At the time of writing this, I am starting to see the light at the end of the tunnel regarding completing the first draft. It has been around two years of thinking, researching, and crafting a storyline I am happy with.


Something I found incredibly useful for helping me pitch the tone and ambience of the scenes I had written was constructing a writing playlist. Some tracks were the inspiration for specific scenes, but generally, I had this playlist on shuffle in my earphones every time I sat down to write. Music is important to me. For me, a great film can be made or broken with its soundtrack. So, using that as the basic logic, I created the playlist that I believed would allow me to write the scenes in the tone I wanted them to be. The complete playlist on Spotify is below if you are interested in hearing it for yourself.


I quite quickly latched on to ‘Southern Gothic’ as a musical theme. For me, the use of string instruments, dark themes, and obsession with death fitted well with the overall tone I was seeking to achieve. The late Victorian period was fascinated with the morbid and macabre. The style of ‘Southern Gothic’ dovetails those themes effortlessly. A few re-workings of well-known songs in this style do also feature on the playlist.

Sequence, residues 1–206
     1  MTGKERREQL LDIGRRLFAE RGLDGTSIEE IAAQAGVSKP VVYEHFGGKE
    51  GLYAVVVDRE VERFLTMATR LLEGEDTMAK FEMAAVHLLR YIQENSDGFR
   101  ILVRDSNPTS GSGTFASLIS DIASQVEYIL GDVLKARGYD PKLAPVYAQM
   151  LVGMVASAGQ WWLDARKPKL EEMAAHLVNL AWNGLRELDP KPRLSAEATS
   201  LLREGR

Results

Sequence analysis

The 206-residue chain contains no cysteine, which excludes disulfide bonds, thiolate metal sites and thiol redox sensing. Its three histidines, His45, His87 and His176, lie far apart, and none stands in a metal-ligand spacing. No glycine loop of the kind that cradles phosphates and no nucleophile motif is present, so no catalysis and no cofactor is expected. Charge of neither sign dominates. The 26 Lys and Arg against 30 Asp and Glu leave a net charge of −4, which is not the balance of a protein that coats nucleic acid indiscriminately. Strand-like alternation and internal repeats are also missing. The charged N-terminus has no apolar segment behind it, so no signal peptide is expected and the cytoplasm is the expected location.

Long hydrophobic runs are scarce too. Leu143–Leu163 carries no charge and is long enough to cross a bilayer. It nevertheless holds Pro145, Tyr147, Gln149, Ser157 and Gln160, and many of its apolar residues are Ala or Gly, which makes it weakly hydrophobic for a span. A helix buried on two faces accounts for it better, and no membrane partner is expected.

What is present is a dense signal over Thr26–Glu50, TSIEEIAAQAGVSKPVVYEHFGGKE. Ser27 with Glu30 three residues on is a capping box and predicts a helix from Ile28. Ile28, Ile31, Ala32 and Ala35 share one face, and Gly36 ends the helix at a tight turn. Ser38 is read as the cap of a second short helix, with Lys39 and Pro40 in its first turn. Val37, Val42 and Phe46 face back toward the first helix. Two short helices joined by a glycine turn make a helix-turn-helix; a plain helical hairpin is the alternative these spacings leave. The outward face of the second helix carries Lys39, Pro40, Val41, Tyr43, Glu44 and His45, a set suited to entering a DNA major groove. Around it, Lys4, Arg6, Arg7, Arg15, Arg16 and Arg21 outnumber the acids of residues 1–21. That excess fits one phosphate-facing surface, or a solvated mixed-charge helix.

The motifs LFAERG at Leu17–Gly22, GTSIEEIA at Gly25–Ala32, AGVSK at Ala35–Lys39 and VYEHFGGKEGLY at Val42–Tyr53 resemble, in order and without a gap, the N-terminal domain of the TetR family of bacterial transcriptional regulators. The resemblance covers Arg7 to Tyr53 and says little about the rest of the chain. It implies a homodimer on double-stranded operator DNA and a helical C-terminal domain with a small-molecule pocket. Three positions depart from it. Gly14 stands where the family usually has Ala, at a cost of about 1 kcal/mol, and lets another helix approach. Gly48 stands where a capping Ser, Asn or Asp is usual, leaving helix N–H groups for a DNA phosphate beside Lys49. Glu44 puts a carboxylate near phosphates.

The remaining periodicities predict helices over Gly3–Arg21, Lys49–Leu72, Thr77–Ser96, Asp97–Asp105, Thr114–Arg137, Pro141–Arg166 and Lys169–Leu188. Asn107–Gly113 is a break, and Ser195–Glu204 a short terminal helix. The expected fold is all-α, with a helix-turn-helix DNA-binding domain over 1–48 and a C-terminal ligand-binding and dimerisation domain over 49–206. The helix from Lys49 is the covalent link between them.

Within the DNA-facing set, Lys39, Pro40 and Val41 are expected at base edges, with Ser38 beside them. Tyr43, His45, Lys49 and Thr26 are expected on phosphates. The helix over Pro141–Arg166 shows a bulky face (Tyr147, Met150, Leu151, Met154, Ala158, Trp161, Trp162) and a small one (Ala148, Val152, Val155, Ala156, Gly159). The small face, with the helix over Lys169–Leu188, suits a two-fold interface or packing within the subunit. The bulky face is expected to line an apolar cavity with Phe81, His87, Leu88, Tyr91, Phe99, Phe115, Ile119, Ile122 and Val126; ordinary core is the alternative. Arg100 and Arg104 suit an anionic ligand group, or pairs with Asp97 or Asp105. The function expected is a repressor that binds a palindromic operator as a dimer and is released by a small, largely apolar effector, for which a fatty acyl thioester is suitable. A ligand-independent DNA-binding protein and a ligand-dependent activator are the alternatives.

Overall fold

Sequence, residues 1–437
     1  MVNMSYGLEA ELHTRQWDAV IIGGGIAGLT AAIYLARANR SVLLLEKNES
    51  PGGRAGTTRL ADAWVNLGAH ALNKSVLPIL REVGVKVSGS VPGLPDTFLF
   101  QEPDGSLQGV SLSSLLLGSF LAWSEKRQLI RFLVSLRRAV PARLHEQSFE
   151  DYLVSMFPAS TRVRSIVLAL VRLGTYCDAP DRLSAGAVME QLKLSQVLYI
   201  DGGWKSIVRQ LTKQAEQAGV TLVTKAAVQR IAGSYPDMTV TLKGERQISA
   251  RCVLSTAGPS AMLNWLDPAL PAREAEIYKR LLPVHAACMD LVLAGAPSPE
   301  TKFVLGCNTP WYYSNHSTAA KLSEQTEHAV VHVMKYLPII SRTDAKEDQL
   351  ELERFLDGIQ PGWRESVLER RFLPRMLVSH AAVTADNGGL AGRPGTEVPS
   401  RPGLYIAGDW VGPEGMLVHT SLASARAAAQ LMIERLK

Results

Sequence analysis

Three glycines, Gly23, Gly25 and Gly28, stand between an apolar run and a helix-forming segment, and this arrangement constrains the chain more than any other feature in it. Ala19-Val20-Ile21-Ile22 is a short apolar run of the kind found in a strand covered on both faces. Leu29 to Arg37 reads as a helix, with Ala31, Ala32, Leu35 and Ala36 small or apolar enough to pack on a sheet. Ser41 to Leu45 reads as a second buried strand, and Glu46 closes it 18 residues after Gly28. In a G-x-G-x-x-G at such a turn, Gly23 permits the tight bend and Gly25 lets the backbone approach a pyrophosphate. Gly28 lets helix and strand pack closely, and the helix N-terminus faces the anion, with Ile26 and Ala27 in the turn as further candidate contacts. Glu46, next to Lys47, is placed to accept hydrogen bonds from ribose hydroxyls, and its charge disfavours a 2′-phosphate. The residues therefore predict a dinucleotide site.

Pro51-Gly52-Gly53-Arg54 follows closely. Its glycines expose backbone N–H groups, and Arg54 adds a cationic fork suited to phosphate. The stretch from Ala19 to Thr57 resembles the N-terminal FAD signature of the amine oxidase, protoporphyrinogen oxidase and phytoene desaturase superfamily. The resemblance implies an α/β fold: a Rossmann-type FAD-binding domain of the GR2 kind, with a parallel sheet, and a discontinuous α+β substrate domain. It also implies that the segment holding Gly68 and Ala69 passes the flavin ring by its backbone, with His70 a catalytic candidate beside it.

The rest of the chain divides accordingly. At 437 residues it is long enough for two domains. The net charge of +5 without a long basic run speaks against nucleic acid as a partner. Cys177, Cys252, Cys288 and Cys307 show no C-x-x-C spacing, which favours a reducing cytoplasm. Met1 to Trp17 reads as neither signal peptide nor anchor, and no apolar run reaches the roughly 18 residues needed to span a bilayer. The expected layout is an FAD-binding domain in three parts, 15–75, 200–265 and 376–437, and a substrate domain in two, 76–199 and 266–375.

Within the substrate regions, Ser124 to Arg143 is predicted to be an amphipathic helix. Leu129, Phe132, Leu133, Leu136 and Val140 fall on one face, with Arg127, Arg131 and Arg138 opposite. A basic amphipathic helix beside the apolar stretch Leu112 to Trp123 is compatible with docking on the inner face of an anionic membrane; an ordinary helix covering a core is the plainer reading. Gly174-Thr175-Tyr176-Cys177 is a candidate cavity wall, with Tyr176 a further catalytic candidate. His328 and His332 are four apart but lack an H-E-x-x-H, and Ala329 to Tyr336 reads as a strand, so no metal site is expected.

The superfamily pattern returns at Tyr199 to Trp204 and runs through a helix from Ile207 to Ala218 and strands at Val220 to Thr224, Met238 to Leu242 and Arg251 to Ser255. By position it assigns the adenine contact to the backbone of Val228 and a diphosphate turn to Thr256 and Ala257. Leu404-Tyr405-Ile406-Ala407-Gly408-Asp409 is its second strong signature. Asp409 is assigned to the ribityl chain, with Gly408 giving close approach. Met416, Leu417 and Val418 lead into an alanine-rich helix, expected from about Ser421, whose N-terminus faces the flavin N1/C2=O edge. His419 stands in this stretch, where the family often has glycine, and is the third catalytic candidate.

This to me is the perfect theme tune to James Maybrick. Every time this song played, I could not but help think of just how selfish his behaviour was. His actions at their base level were purely spiteful.
This song, for me, is like being inside Maybrick’s mind. The belief that somehow he was simply a victim of situations that conspired against him. The excuses he told himself as to why he was the way he was. No guilt at all.
This song really evoked to me the hustle and bustle of Whitechapel in 1888. It was a game of survival. “Beggars and liars do not call. They stood in line to hear and see you fall”. Brilliant.
The original track was in ‘Silence of the Lambs’, but this version with the strings arrangement really caught my attention. It paints a picture of industrial advancement at the expense of purity at all costs. A cold death.
An 80s synth classic, re-worked with an orchestral arrangement. Victorian in essence, but then equally modern.
A great example of Old vs Modern. The lyrics also evoke the mindset of the lone traveler, the final word.

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